March 31, 2009
HSI Works to Stop Illegal Wildlife Trade in the Dominican Republic
SANTO DOMINGO — As part of an ongoing effort to reduce illegal wildlife trade HSI is collaborating with the Dominican Republic Ministry of Environment with funds from the U.S. State Department to put on a two-day workshop on the Convention on International Trade in Endangered Species of Wild Fauna and Flora, or CITES, here March 31 – April 1. This training targets personnel working in the Haiti border area and the major ports of entry for tourists to increase technical knowledge on CITES and provide practical, hands-on skills for working with wildlife.
"Humane Society International first hosted a CITES workshop in the Dominican Republic two years ago, and we are enormously pleased with the progress that has been made and the willingness to continue to work towards a better future for their wildlife," said Marta Prado, executive director of International Trade and Development for HSI.
The workshop brings together more than 40 officials from the Ministry of Environment as well as customs personnel and local NGOs. The workshop highlights:
- Techniques for identifying products from the hawksbill turtle.
- Information about the Hispaniola parrot trade.
For decades, the multi-billion dollar industry of illegal trade of wildlife and wildlife products has been an ongoing concern across the globe, plundering mostly cash-poor, wildlife-rich developing countries and causing untold damage to the populations of numerous species. The Dominican Republic's population of hawksbill turtles has long been targeted by poachers for their beautiful and unique shell used to manufacture countless items, especially souvenirs for tourists.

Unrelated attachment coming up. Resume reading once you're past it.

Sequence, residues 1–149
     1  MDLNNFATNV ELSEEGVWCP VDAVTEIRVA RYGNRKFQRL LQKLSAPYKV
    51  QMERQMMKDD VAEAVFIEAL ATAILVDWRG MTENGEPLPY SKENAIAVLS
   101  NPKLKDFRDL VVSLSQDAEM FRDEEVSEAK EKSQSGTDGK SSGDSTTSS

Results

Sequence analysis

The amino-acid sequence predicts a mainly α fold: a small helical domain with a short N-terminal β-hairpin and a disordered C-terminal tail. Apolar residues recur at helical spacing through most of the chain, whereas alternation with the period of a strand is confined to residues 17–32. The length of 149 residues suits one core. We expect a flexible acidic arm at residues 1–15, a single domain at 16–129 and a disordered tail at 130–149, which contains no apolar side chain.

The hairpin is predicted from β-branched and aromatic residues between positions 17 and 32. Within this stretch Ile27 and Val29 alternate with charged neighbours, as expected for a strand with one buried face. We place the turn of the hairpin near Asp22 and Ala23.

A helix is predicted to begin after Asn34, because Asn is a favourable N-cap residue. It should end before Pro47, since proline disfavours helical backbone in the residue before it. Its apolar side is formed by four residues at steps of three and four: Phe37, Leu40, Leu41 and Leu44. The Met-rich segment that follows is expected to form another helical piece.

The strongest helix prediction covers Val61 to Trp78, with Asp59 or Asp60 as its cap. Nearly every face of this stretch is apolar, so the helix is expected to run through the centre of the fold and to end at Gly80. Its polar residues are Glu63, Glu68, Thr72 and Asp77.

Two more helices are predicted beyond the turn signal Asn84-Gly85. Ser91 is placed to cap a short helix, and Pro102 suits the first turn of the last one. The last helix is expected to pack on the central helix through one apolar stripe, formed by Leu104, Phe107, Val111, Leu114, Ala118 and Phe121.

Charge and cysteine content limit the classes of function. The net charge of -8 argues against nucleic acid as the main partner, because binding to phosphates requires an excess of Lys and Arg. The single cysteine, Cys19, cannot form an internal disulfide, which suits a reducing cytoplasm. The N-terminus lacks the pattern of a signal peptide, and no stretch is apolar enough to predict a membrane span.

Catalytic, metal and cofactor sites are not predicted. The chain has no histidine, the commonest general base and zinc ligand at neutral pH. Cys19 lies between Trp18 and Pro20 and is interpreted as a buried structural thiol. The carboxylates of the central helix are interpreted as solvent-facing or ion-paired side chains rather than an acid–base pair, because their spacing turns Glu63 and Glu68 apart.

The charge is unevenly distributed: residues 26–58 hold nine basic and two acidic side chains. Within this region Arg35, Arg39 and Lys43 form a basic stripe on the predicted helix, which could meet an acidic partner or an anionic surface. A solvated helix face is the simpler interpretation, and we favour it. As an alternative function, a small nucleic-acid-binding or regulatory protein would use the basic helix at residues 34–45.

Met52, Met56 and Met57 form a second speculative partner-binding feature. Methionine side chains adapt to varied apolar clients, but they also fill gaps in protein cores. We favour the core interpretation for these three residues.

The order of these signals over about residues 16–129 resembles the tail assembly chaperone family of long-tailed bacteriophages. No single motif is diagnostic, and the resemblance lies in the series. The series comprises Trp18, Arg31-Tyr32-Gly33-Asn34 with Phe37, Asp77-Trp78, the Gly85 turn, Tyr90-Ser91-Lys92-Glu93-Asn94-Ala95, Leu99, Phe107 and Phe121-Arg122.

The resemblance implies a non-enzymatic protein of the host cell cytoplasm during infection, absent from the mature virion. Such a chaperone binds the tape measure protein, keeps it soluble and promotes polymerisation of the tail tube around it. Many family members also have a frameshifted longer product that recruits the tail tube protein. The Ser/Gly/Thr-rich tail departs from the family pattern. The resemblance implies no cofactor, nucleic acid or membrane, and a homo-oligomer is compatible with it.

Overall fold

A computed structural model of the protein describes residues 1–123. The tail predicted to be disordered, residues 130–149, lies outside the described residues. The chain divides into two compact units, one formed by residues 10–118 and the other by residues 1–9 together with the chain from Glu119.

"This national workshop on the application of CITES allows us to train those governmental officials involved in the application of the convention, particularly the individuals working in border areas and the primary ports of entry to the island, to continue our work in combating the illegal trade in species, especially hawksbill turtles," said Amarilis Polonia with the Ministry of Environment office.
- Ever since it entered into force in 1975, CITES has been the only international agreement that regulates international trade in wild species.
- 175 nations (parties) have signed and ratified the CITES treaty.
- The Dominican Republic became a CITES Party in 1987. Only recently has the island's government adopted national legislation to implement CITES. The Dominican Republic is only now beginning to experience some success in halting the illegal domestic and tourist export trade in hawksbill turtle shell products. Hawksbill turtles are critically endangered and on CITES Appendix I, which includes all species threatened with extinction which are or may be affected by trade. International commercial trade in Appendix I species is prohibited.
Humane Society International is the international arm of The Humane Society of the United States, the nation's largest animal protection organization — backed by 11 million Americans, or one of every 28. For more than a half-century, The HSUS has been fighting for the protection of all animals through advocacy, education, and hands-on programs. Celebrating animals and confronting cruelty — On the web at hsi.org.